Entertainment Remembering Stan Lee

The Adventures of Stan Lee: Book Lover

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It’s no secret: Stan Lee was a book lover. His passion for reading wasn’t just confined to books—he adored poems, newspaper strips, and of course, comicbooks.

Once a reader, always a reader!

But today we’re going to focus on books in honor of #BookLoversDay, particularly those titles and authors Stan was enamored with and inspired by when he was growing up. (Fun fact: One of his favorite authors as an adult was Stephen King!) Stan was such an avid reader that one of the first gifts his mother gave him was a little stand he could put his book on to read while at the kitchen table! “I remember it had little clips on the bottom to hold the pages in place,” Stan told Roy Thomas, author of The Stan Lee Story. “I treasured that little stand for years.” And if he didn’t have a book handy? Then Stan would just start reading ketchup or mustard bottles – whatever was in front of him with writing on it!



Below are some works Stan enjoyed as a youth. His favorite novels ranged from action to adventure to mystery to sci-fi and beyond. Some authors and titles are considered classics today, while others aren’t as well-known. Despite each books’ fame, you should be able to spot ideas and themes in the below titles that would go on to impact Stan’s own writing years later!

The Tom Swift series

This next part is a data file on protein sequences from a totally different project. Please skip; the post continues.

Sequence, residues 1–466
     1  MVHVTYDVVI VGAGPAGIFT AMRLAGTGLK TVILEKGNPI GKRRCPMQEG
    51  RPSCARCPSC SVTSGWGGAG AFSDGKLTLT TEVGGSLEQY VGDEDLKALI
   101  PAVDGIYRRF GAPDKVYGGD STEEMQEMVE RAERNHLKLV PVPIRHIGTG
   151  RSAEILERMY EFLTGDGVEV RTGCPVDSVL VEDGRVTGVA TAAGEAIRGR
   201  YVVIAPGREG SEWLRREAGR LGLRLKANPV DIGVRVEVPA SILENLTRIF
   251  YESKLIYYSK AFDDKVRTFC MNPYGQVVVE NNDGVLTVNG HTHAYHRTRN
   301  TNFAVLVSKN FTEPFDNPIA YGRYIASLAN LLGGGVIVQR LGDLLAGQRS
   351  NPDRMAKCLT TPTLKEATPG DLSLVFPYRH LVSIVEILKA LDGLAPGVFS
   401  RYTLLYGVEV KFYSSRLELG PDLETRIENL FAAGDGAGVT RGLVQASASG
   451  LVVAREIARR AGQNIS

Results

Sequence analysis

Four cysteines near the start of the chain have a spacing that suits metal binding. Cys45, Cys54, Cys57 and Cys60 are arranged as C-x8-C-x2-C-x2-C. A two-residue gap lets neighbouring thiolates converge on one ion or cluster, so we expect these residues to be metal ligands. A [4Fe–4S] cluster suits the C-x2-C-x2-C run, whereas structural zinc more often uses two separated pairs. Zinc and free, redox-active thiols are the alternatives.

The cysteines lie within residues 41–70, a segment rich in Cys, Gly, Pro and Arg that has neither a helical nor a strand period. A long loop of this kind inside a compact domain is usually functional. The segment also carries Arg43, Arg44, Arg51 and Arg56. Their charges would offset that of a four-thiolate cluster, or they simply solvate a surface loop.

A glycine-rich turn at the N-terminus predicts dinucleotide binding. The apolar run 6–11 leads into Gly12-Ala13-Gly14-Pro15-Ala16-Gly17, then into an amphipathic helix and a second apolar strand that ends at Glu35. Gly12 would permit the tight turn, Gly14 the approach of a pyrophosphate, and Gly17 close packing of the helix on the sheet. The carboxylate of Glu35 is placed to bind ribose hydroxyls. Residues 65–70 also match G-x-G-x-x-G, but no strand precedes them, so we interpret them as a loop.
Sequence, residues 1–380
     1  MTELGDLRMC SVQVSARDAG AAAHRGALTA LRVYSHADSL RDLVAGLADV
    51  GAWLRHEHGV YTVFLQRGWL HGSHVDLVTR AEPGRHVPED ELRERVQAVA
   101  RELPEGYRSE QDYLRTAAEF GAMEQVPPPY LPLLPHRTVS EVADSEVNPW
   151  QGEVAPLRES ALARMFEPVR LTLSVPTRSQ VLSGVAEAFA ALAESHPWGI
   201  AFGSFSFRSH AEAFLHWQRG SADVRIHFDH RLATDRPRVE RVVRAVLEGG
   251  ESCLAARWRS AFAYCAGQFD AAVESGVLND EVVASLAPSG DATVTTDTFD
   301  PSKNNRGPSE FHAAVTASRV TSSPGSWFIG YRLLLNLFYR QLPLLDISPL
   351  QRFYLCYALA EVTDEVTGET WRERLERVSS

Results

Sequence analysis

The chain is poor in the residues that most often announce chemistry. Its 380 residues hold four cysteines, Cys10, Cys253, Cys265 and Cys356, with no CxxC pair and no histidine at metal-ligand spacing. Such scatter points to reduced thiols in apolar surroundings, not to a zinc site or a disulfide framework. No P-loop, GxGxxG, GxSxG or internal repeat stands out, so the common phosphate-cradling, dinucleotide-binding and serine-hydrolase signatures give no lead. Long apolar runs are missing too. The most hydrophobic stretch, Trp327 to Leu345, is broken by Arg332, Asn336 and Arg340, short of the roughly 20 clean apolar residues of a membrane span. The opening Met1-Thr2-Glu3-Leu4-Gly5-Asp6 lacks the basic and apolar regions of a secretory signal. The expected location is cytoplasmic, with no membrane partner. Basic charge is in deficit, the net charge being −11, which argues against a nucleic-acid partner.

Stan once called Tom Swift, the creative boy inventor protagonist of over 100 volumes, one of his role models when he was young.

The works of Shakespeare

Though Shakespeare’s famous prose wasn’t the easiest for Stan to comprehend, he was taken by “the rhythm of his words, by the flowery language, the ‘What ho, Horatio!’ type of outpourings,” as Stan told Roy Thomas.   

Tarzan of the Apes

In an interview, Stan once said of Edgar Rice Burroughs’ iconic character, “I wanted to be like Tarzan.”

Jerry Todd and Poppy Ott series

Penned by Leo Edwards from 1923-1940, these two series of children’s adventure books were similar in storyline to the classic Hardy Boys tales. But one thing stuck out: Edwards incorporated letter columns into his books called the “Chatterbox” where he answered reader inquiries and even touted upcoming titles. The author’s informal style and friendly interaction with his fans stayed in Stan’s mind for a long time and inspired Stan’s Soapbox down the line.

The Time Machine, The War of the Worlds, The Invisible Man

The inventive H.G. Wells and his early science fiction tales, now considered classics, were among young Stan’s favorites.

There were several more writers young Stan admired too, like Charles Dickens, Arthur Conan Doyle, and the list goes on and on. And now, his name ranks amongst the most famous writers of them all; those years reading certainly paid off!

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